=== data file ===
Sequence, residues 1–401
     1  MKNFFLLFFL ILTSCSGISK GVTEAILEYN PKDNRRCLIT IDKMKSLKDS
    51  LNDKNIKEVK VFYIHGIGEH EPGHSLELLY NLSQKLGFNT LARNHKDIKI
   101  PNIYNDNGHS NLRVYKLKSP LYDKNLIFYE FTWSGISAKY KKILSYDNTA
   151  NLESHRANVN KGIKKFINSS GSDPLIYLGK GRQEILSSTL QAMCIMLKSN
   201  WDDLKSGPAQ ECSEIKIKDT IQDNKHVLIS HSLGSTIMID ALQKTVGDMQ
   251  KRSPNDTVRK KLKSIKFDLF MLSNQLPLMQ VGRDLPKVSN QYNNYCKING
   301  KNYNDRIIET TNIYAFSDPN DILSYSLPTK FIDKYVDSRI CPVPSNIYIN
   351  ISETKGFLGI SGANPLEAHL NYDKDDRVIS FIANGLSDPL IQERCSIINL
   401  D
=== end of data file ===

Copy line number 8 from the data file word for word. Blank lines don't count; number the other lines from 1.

   301  KNYNDRIIET TNIYAFSDPN DILSYSLPTK FIDKYVDSRI CPVPSNIYIN